The next group of chapters looks into regulation from legal and interdisciplinary perspectives: in Chapter 3, Prof. Maria De Benedetto observes how that regulation can be both a tool for preventing corruption and an opportunity for corrupt transactions, and looks for a formula that would make compliance more economically convenient than corruption by drawing lessons from behavioral sciences; in Chapter 4 Prof. Nicoletta Rangone advocates a behavioral approach to administrative corruption prevention; in Chapter 5 Luca Di Donato writes on the Corruption Impact Assessment (CIA) as a regulatory tool devised to prevent corruption and in Chapter 6 Livia Lorenzoni discusses risk-based approaches towards corruption prevention.
It is followed by a group of chapters looking at the unholy trinity: money, morality and corruption. In Chapter 9 Prof. Anthony D. Molina provides an overview on the main strategies suggested by scholars of public administration ethics for the prevention of corruption. In Chapter 10 Prof. Timothy K. Kuhner places the topic of corruption in the context of the ideological competition between classical and neo liberalism. In Chapter 8 Prof. Enrico Carloni goes from the abstract to the concrete looking into lobby regulation to prevent corruption. He looks at a lobbying regulation in various countries, expanding on the Italian model, thus linking up to the final chapter and on the only ‘country report’ – Chapter 11, where Prof. Francesco Merloni and Benedetto Ponti explain the exciting major development that have taken place in fighting corruption in Italy in recent years.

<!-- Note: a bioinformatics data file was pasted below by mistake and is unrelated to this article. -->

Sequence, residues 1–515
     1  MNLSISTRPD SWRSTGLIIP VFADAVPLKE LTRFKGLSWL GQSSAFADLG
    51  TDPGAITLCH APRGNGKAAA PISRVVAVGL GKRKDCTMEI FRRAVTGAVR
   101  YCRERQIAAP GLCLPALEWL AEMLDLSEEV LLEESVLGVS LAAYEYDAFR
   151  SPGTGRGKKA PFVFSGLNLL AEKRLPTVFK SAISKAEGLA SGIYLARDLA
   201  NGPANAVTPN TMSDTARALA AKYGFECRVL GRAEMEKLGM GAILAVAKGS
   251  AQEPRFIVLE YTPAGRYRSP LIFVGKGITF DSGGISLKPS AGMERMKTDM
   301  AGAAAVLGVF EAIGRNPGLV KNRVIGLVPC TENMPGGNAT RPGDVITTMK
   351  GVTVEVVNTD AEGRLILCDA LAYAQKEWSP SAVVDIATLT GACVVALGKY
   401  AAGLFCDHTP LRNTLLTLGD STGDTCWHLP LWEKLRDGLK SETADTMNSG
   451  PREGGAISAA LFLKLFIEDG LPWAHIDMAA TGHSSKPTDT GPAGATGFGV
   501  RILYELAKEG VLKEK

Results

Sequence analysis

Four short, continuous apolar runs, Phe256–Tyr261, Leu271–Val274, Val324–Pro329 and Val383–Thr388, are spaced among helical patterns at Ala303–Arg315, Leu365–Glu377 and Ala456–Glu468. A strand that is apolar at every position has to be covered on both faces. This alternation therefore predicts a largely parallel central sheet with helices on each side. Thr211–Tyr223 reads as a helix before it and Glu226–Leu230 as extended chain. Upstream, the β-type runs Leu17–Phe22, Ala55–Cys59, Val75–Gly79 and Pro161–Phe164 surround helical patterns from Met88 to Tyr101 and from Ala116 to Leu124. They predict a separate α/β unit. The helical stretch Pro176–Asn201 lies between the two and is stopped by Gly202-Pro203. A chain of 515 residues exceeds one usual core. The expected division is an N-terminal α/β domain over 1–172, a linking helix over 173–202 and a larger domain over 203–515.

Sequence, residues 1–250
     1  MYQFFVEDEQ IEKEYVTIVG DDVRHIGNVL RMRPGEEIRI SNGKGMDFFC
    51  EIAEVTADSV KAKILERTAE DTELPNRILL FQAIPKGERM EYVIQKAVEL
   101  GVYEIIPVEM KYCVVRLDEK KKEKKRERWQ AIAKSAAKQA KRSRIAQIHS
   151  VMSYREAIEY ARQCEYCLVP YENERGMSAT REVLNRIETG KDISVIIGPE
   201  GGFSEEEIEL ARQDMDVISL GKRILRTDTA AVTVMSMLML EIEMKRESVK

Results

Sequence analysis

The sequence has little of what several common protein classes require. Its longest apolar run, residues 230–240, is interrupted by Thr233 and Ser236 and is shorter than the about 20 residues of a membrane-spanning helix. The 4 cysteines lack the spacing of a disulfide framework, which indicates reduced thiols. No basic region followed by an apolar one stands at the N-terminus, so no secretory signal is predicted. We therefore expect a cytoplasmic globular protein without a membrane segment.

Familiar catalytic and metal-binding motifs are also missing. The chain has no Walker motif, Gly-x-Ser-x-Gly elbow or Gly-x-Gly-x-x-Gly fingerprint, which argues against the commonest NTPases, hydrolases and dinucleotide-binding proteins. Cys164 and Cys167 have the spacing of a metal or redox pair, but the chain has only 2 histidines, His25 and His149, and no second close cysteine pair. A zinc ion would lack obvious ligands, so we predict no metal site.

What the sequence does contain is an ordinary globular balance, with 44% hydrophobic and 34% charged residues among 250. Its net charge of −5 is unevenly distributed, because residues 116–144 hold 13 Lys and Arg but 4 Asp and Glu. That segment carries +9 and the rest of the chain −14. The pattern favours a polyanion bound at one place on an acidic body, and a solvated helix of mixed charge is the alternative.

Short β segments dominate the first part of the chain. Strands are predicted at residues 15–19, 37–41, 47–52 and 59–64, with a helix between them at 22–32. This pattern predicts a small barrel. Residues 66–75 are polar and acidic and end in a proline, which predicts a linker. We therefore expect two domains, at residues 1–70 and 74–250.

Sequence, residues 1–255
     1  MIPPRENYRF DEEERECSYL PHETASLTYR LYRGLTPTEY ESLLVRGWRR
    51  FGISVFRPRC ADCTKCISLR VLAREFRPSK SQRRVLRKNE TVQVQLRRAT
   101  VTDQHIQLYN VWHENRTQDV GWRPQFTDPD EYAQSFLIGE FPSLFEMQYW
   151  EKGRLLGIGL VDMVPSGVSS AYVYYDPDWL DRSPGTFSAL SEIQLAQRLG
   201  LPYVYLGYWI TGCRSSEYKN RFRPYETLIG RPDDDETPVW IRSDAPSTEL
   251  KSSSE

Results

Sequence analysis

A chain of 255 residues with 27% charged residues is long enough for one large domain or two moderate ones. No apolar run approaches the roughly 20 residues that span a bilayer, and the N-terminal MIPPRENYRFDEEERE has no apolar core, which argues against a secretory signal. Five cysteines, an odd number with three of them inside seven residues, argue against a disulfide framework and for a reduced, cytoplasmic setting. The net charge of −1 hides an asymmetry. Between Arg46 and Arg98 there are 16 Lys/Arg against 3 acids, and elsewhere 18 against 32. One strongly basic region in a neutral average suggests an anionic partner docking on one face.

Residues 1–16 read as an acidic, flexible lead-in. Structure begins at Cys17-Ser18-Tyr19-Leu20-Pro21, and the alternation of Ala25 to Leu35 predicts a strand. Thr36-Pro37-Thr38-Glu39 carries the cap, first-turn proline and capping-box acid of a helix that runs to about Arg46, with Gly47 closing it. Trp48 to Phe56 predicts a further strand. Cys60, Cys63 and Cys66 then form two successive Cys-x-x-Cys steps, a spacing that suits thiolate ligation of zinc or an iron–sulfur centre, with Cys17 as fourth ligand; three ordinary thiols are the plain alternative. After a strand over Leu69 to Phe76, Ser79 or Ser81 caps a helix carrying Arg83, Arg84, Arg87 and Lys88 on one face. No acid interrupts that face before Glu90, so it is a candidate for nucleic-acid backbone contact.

In closing: the book is clearly a stimulating, multifaceted read, and one that deserves wide reading. That said, I wish to provide two critiques of what is an otherwise excellent book. Both issues concern the books departure points: namely that there is such a thing as corruption, and that it is an absolute bad. The first critique concerns the lack of a clear and detailed discussion in the book of this starting point: what do the authors mean by the term corruption? In legal terms, corruption essentially means officials’ abuse of entrusted public power for private gain. But this is a very minimalist, criminal law oriented departure point. Other areas of the law – notably public law – and other academic disciplines may offer a more complex definition for the term. The second critique is that the book and all its contributors seem to take as an incontrovertible starting point that corruption is necessarily bad. I do not dispute this assessment (although some economists do), but I would want them to make the case especially since it seems to emanate from the moral sensibilities of Western liberal democracies, and not always resonate with other cultures, where gifting is part a of customary, relationship based way of conducting business, even official business.